Riot Act, Pearl Jam's latest CD.
Pearl Jam was one of the biggest-selling rock bands of the last decade, and one of the few bands to survive the Seattle grunge scene. Pearl Jam's success comes from its powerful, melodic rock and its intense, charismatic lead singer, Eddie Vedder. On Morning Edition, NPR's Elizabeth Blair profiles the band, now on a major U.S. tour.
Musicians Jeff Ament and Stone Gossard had initial troubles getting the band off the ground. Their first group, Green River, didn't click. Their second band, Mother Love Bone, dissolved when lead singer Andy Wood died of a heroin overdose. So in 1990, they started over. They wrote and recorded music for a handful of new songs and sent a cassette copy to a guy they had heard about in San Diego, named Eddie Vedder.
"Vedder was a busy guy, working as a night watchman at a petroleum plant, singing in local bands, and surfing," Blair reports.
Vedder says Gossard and Ament's music had a groove he liked. "It had a lot of pushes and pulls, and what excites me most about music, my favorite music has momentum. So it had momentum in this different kind of way, smoky vibe to it."
Vedder wrote lyrics to three of the instrumentals, recorded his voice in his apartment and sent the cassette back to Seattle. After hearing the tape, bassist Jeff Ament remembers thinking, "'OK, I would go see that band.' And so that was the first time I was in a band that I would actually go see."
Vedder moved to Seattle. The band became Pearl Jam and its first album, Ten — with inescapable hits including "Jeremy", "Alive" and "Even Flow" — sold nearly nine million copies. The music, says David Fricke of Rolling Stone magazine, was fueled by anger that a lot of young people felt at the time.
"Vedder's songs are individual stories about heavy topics — teen suicide, parental neglect, an over-zealous media, and gun control," Blair says. "Many of his songs are about what it means to have a life and what it means to be stuck, in a job, in a place, or in a relationship."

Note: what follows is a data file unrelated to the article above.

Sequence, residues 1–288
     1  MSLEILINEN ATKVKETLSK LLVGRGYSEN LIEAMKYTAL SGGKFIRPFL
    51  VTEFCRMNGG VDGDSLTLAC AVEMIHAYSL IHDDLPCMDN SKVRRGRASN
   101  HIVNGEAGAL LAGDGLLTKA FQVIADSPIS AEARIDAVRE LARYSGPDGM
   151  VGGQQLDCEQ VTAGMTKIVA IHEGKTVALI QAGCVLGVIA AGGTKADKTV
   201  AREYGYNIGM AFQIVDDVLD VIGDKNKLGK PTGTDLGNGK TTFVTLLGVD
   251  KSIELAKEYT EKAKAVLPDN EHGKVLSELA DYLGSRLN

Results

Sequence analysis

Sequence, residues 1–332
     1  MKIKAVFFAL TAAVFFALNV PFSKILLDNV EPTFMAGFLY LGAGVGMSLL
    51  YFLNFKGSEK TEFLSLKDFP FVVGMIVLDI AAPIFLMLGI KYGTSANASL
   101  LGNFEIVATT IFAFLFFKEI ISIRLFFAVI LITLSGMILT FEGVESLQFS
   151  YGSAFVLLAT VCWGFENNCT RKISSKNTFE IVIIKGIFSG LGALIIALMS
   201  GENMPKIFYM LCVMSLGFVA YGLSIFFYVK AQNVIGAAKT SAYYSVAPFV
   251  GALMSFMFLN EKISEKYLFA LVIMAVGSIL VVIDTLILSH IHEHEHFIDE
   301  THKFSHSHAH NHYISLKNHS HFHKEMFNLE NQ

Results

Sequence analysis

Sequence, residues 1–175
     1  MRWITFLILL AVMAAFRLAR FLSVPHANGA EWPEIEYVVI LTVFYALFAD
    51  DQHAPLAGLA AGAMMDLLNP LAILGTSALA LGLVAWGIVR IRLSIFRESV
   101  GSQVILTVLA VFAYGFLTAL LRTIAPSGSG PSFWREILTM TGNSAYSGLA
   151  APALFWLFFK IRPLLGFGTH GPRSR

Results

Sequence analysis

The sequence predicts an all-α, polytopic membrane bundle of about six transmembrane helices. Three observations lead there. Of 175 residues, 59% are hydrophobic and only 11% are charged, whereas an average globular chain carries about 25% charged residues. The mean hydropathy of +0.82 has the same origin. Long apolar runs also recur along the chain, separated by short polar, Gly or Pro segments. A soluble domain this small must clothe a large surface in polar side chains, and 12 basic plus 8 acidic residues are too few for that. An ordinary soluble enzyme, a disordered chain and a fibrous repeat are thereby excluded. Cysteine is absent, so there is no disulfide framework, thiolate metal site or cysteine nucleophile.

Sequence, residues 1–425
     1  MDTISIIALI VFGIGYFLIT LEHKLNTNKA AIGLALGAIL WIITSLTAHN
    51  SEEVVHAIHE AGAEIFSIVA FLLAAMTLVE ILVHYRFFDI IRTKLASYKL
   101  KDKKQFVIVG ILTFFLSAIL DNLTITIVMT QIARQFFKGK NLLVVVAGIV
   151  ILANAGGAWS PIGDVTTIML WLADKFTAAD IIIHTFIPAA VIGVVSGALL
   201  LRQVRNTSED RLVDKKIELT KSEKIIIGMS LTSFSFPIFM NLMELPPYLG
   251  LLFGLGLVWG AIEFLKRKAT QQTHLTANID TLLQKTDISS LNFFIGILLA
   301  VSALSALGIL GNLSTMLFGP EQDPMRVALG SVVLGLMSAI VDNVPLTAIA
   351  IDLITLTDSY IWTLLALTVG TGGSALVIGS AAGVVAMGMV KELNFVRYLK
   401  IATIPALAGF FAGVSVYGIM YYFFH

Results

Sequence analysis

Over the years, Pearl Jam has built an audience by touring constantly, sometimes performing five nights a week. But the band has struggled with the business of rock 'n' roll.
In 1994, at the height of its success, Pearl Jam shocked the music industry by taking on Ticketmaster, the ticket distribution giant, in an effort to make its concerts more affordable to young fans. The band cancelled its summer tour, and members of the band testified before Congress, saying that Ticketmaster had a virtual monopoly. But a year later the Justice Department ended its investigation, saying "...there were new enterprises coming into the arena."
Discouraged, the band took some time off to regroup but eventually resumed touring, including shows at Ticketmaster-operated venues. Members of its fan club are guaranteed tickets to Pearl Jam concerts and they don't have to go through Ticketmaster to buy them.
"For years Pearl Jam has stayed away from the rock-star hype, and it hasn't hurt them," Blair reports. "By the end of this summer, nearly a million people will have seen them on tour."